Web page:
Both admissions, made by Munla in discussions, such as an April 19 forum organized by business magazine Lebanon Opportunities at the Le Grey Hotel, constitute the backdrop of new economic policy pursued by the Lebanese government. This economic policy is subsumed in the CEDRE concept with its four pillars of (1) fiscal consolidation and the reduction of the deficit by 5 percentage points of GDP, (2) sweeping reforms, (3) large infrastructure investments, and (4) a partially outsourced economic vision and strategy that is under development by global consulting firm McKinsey (for more on the CEDRE plan components as known today, see page 18).
The other focus of the 2018 elections is, of course, the rebalancing of political representation, where Executive has followed the issue of female participation and is dedicated to monitoring the change on this front. However, the economic policy theme is the magazine’s primary concern. On this front, the first observance of 2018 when compared to the previous elections is that political positions are
Anti-establishment groups are still in the pre-grammatic phase of their development.
more articulated when comparing the party positions of now and then. Previously, clear views on foreign trade policies, promotion of industry, redistribution via direct and indirect taxation, and others simply did not seem to exist in a fully developed program in any established party, never mind whom Executive asked about these issues.
In an investigation that Executive conducted during the 2005 election preparations, on one end of the spectrum stood the answer of Hezbollah, which responded that it did not have to exert positions on the economy. There appears to be no shift from Hezbollah’s position as far as the organization’s election program of seeking to act as “voice for the honorable resistance and protector of the sacrifices of its people and mujahedeen” for the next four years as the organization’s Secretary General Hassan Nasrallah said when he announced the election program of the Loyalty and Resistance bloc this spring. He focused his economic policy remarks on calls for the reduction of “waste and corruption” and on the creation of a “ministry of planning,” without going into specific details on an economic policy program points per se. According to statements which Nasrallah made in late April during the 2018 race, the party is still not aspiring to involvement in economic policymaking.
On the other end of the scale, many parties historically have offered partisan views on single line items in the economic context, but nothing that deserved to be called an economic policy platform or program. The best any party offered was some brochure-length excuse for an economic policy. Compared to that, the governing “coalition’s” CEDRE lineup of economic policy innovations is a big step forward. However, this is not enough for a real debate on economic policy in the public square.
POLICY THROUGH DEBATE
This CEDRE scenario of a single plan without any well-developed coun- terproposals is at the very least counterintuitive to the idea, under which a parliament is the “deliberative assembly of one nation,” to quote Edmund Burke as a historic pioneer of democratic practice. It is not an idea whose certainty has been established that in the Lebanese National Chamber government and legislation have ever been, as Burke postulated, “matters of reason and judgment” as opposed to the type where “the determination precedes the discussion.” This notwithstanding, if one believes that deliberation is integral to representative democracy, one is likely to think that the best policy is the outcome of debate between competing policies or solutions.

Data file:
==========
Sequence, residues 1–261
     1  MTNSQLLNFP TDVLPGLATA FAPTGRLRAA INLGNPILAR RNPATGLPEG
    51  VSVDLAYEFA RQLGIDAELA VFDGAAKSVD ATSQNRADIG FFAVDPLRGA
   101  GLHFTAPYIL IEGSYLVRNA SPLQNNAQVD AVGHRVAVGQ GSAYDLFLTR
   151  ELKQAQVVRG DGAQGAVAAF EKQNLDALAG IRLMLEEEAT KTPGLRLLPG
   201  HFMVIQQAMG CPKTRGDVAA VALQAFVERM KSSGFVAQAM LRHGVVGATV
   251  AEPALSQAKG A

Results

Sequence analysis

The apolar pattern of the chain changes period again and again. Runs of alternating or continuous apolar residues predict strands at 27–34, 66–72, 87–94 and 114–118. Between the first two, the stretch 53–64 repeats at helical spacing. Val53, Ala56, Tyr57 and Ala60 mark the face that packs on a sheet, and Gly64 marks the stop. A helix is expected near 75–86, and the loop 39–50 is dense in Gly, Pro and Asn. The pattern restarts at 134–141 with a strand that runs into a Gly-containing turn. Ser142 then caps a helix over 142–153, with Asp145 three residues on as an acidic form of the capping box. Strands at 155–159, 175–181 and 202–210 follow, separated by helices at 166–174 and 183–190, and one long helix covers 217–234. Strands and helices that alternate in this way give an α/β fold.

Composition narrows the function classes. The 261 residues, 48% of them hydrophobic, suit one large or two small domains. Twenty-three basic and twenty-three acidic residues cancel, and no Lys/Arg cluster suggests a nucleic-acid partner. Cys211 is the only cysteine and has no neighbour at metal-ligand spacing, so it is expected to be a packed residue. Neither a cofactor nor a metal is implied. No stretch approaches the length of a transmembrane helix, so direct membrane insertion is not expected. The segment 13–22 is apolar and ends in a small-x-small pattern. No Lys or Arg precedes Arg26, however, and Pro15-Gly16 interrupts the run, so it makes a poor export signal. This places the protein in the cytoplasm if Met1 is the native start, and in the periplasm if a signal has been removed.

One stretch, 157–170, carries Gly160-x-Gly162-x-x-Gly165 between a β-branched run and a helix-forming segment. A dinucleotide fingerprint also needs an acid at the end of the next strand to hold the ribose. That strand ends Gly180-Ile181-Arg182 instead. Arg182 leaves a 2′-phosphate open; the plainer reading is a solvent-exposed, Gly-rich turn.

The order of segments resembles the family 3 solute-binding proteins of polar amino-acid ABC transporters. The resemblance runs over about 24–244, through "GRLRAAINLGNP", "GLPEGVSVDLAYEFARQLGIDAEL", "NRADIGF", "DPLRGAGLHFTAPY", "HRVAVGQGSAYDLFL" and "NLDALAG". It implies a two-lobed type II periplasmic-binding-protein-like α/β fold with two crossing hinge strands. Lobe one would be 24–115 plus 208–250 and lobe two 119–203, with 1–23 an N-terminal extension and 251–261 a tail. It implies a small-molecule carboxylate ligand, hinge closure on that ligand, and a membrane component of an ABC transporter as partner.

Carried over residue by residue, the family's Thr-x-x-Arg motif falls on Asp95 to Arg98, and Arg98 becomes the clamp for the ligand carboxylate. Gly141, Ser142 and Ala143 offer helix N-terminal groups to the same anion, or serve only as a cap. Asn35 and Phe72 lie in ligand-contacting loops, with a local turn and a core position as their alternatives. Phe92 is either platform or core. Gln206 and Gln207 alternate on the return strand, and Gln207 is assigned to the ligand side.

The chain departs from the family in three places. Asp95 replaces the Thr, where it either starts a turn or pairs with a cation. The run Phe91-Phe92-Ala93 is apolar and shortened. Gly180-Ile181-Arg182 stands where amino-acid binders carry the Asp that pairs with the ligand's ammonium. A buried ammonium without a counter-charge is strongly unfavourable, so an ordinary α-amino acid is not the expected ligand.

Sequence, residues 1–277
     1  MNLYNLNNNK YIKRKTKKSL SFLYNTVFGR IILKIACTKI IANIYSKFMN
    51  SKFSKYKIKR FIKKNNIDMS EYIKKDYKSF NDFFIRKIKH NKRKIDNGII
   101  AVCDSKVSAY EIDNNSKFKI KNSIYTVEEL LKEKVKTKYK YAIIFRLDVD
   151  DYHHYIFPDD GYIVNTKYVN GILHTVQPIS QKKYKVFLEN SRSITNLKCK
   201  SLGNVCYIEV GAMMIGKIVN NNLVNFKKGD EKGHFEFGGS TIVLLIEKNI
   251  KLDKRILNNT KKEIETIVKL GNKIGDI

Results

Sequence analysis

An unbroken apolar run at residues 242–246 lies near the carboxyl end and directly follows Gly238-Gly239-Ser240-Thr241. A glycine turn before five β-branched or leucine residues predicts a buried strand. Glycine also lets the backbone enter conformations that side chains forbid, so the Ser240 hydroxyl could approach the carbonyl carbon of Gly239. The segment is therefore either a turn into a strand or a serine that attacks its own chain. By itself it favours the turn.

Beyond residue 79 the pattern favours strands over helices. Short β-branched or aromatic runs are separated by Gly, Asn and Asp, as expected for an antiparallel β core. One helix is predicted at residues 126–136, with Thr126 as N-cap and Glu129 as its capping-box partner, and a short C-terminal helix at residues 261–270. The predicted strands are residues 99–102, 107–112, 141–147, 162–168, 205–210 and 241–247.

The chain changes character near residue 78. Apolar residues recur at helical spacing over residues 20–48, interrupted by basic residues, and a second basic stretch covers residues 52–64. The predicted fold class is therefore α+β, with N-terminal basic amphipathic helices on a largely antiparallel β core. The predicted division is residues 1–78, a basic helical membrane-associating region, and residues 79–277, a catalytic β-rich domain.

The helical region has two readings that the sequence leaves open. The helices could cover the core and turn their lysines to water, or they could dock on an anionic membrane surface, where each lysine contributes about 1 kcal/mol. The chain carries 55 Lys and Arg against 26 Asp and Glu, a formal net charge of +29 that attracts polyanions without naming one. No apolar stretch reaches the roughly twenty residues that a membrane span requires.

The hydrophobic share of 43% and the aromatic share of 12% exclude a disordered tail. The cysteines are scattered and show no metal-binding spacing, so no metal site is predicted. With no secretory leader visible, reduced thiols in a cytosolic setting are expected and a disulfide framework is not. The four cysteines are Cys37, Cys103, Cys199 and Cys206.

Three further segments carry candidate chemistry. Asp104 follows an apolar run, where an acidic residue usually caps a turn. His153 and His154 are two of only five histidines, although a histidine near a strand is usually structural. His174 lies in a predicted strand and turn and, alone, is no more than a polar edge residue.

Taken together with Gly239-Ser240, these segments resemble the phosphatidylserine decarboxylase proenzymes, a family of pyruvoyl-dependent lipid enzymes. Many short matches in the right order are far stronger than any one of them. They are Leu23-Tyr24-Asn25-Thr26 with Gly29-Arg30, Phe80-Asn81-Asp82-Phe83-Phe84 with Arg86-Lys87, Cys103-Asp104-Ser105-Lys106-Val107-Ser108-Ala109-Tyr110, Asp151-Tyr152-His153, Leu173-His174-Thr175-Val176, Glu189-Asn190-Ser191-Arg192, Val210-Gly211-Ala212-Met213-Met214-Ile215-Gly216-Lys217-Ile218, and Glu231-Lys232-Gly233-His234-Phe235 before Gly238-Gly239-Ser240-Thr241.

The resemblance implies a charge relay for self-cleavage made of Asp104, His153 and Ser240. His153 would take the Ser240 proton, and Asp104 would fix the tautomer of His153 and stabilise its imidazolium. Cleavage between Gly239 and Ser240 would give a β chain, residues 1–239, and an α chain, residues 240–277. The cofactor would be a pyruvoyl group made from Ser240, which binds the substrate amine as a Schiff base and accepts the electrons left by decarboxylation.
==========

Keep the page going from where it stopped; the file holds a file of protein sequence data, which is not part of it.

There is no simple answer to the deficiency of alternative economic policy platforms for Lebanon, though, given that such platforms of the anti-establishment in 2018, as mentioned before, appear yet to be in pre-formation stage, and that the CEDRE platform has coalesced into what can be called the government stakeholders’ united economic survival strategy. Despite the concept’s many aspects that have yet to see the light of day such as the Economic Vision, and the many that appear worthy of much careful scrutiny, buy-in of government parties into CEDRE seems far-flung, even to the point that exponents of establishment politics in Lebanon have even resorted, in the intense month of campaigning between the CEDRE meet in April and the presumed elections on May 6, to the same specter of gloom, doom, and bankruptcy in their rhetoric about the Lebanese economy. It is ironic that these are the same orators who should have previously assumed responsibility for improving the economy and its political environment.
That does not mean, however, that there cannot be hope for contrasting the government’s platform with antiestablishment platforms or even positions voiced by stakeholders in the political establishment in the course of the coming Parliament. One sign for such a possibility—however contrarian to the group’s past political identities it may appear to some skeptical Lebanese—is that the Kataeb Party has produced a diverse 131-point program, which entails over 30 economic policy points. While it presented the program this spring with targets that may not in themselves spell out radically new economics, the effort invested in the program has enough revolutionary feel in the context of Lebanese establishment politics.
It certainly is curious that one of the most entrenched political organizations in Lebanon, which had been represented in every Parliament between 1951 and the last pre-war elections in 1972, that was the party of assassinated President-elect Bachir Gemayel and President Amine Gemayel, and that regained parliamentary seats in 2000, 2005, and 2009, is offering a platform of economic policy positions from an opposition angle. However, as the political debate of economic policies appears to be a dire need—a consensus across party lines and internal community borders that the country is in a state of abject economic and financial despondency and threatened by economic default is perhaps able to provide people with a certain perverse satisfaction of assured depression—it appears as a ray of hope that members of the political establishment in the country are ready to pick up the gauntlet of serious economic policy discourse.
The best any party offered was some brochure-length excuse for an economic policy.
The tentative makings of an economic vision